- Tightening your monthly budget by trimming down to your necessities.
- Start saving a little extra money for a rainy day to help out in a crunch, if possible.
- Do not expect a COLA each year. If it happens, use that extra savings to your advantage.
For more information on the social security cost of living raise, visit the Social Security Administration's website and be sure to read the FAQ section and current press releases.
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Bias, D. (2010, April 22). Social Security Disability Beneficiary. (S. Pierce, Interviewer)
Social Security Administration. (2010, January 26). Frequently Asked Questions About the 2010 Cost-of-Living Adjustment. Retrieved April 18, 2010, from Social Security Online: http://www.ssa.gov/cola/2010/2010faqs.htm#q2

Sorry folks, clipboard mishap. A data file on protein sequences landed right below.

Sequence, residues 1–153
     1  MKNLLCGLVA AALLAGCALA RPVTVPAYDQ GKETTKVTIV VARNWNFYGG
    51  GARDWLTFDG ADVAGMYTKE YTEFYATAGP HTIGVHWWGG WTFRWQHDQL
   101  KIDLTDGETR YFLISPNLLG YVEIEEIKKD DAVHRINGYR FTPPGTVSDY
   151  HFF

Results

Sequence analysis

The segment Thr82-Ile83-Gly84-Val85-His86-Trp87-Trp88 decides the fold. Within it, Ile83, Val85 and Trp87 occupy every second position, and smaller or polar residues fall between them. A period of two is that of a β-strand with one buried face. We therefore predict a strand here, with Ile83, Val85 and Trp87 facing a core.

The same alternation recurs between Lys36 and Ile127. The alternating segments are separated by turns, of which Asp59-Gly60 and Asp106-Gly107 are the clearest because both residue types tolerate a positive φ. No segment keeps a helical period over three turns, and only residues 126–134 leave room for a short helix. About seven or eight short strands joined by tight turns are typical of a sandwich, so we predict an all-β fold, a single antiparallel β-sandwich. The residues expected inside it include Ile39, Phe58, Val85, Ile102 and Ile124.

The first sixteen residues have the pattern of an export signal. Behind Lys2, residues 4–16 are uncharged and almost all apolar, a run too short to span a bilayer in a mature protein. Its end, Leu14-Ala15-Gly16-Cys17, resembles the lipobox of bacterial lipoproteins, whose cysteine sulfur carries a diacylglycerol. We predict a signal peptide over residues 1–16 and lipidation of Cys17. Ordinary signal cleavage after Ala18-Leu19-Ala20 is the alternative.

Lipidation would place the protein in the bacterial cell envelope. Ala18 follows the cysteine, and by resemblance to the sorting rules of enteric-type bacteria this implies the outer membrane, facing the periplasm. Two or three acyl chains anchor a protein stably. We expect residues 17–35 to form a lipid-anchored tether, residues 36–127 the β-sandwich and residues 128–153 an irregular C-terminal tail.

Social Security Administration. (2009, October 15). Latest Cost-of-Living Adjustment. Retrieved April 18, 2010, from Social Security Online: http://www.ssa.gov/OACT/COLA/latestCOLA.html
Social Security Administration. (2009, October 15). Prompt Passage of Economic Recovery Act Payment for 2010 Needed . Retrieved April 12, 2010, from Social Security Online: http://www.ssa.gov/pressoffice/pr/2010cola-pr.htm
Image Credit: Social Security Administration Seal - copyright Social Security Administration - Public Domain - http://commons.wikimedia.org/wiki/File:US-SocialSecurityAdmin-Seal.svg
Image Credit: Modern Social Security Card - copyright Social Security Administration - Public Domain - http://commons.wikimedia.org/wiki/File:Social_Security_card.jpg